The International Covenant on Economic, Social and Cultural Rights (ICESCR) recognises ‘the right of everyone to the enjoyment of the highest attainable standard of physical and mental health’12 and, in theory, signatories are obliged to provide access to supportive and palliative care including necessary medication. An argument potentially exists that the control of every symptom should be considered a human right. However, the priority effort must be in proportion to the suffering experienced, and the prevalence, severity and chronicity of pain and breathlessness put them in a class of their own. They therefore demand particular emphasis in policy and practice.

References

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Footnotes

  • Contributors DCC and DNK were responsible for the conception of the paper. DCC, DNK and APA contributed equally to the writing and final approval of the paper.

  • Competing interests DCC has received an unrestricted grant from Mundipharma for clinical research. APA has received research funding from the National Institute of Nursing Research, National Cancer Institute, Agency for Healthcare Research and Quality, DARA, Celgene, Helsinn, Dendreon and Pfizer; these funds are all distributed to Duke University Medical Center to support research including salary support for APA. Pending industry funded projects include: GlaxoSmithKline, Genentech, Bristol Myers Squibb, Insys and Kanglaite. In the last 2 years APA has had nominal consulting agreements with or received honoraria (<$10 000 annually) from Novartis, Bristol Myers Squibb and Pfizer. Further consulting with Bristol Meyers Squibb is pending in 2013 for role as Co-Chair of a Scientific Advisory Committee. She has a paid leadership role with the American Academy of Hospice and Palliative Medicine (President) and has corporate leadership responsibility in Advoset (an education company that has a contract with Novartis) and Orange Leaf Associates LLC (an IT development company).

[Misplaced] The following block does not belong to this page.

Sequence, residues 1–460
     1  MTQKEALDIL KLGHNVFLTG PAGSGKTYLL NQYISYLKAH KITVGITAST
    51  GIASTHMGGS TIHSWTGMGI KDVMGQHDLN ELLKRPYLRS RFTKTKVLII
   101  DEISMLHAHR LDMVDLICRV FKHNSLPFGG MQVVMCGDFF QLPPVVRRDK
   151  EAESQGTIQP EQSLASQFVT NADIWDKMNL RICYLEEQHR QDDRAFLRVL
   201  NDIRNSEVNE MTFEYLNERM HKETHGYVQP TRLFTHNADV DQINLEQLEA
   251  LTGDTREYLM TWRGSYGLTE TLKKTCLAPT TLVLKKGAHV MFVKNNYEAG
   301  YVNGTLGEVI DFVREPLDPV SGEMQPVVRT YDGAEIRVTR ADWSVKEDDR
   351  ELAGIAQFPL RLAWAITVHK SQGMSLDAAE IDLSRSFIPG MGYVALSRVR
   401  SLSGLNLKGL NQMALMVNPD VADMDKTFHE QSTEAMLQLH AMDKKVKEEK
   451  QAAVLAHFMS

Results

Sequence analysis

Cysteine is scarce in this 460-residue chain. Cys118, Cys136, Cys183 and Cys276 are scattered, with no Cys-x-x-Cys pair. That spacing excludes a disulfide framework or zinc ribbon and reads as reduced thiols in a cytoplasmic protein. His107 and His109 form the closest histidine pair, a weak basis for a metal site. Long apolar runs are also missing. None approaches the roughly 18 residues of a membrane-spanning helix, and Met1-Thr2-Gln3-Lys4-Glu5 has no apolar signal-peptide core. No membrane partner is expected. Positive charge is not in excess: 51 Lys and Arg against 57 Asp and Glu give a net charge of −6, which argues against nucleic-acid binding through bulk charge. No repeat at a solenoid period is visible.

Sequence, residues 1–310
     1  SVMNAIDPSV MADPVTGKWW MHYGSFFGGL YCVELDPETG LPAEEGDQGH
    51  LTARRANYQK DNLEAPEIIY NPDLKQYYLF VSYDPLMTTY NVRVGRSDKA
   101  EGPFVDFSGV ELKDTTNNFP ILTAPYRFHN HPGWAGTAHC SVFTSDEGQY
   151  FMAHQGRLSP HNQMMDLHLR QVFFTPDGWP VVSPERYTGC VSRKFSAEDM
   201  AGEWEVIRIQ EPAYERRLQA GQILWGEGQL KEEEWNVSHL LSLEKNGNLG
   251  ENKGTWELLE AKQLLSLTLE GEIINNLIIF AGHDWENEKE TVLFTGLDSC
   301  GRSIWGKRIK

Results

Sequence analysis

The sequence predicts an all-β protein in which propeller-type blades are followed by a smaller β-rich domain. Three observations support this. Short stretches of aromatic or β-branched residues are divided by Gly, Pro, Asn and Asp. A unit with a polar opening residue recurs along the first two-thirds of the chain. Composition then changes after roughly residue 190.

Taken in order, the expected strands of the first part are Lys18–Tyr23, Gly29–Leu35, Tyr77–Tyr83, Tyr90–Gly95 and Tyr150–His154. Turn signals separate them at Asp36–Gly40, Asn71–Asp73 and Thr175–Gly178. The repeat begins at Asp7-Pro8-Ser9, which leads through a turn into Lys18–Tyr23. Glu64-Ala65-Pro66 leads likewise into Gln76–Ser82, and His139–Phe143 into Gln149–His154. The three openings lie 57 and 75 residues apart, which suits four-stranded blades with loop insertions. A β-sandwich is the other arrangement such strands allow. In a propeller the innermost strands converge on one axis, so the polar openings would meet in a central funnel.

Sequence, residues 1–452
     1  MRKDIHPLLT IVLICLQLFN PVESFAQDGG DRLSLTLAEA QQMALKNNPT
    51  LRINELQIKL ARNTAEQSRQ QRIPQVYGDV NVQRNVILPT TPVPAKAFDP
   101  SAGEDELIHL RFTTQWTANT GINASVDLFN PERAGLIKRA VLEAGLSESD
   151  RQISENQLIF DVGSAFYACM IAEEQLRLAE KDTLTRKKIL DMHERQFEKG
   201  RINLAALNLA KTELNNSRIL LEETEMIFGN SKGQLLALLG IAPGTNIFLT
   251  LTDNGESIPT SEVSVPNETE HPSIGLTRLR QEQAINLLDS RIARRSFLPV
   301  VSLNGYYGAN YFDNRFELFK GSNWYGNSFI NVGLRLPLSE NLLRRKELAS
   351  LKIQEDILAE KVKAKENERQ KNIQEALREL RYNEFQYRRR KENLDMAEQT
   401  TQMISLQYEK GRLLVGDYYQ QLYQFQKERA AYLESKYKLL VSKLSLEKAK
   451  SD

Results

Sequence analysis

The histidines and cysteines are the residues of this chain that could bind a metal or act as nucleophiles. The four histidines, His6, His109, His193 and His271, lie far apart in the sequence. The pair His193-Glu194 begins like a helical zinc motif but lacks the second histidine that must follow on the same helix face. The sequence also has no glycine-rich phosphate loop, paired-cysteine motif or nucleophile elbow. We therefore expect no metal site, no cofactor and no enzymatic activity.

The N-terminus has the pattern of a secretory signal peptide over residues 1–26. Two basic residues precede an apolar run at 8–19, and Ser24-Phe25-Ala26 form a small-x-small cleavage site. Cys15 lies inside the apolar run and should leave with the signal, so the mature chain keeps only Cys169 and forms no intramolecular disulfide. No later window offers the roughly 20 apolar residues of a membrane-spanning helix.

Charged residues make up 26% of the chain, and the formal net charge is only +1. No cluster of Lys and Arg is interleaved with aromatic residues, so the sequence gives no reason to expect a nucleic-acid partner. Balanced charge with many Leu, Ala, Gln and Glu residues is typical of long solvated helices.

• Provenance and peer review Not commissioned; internally peer reviewed.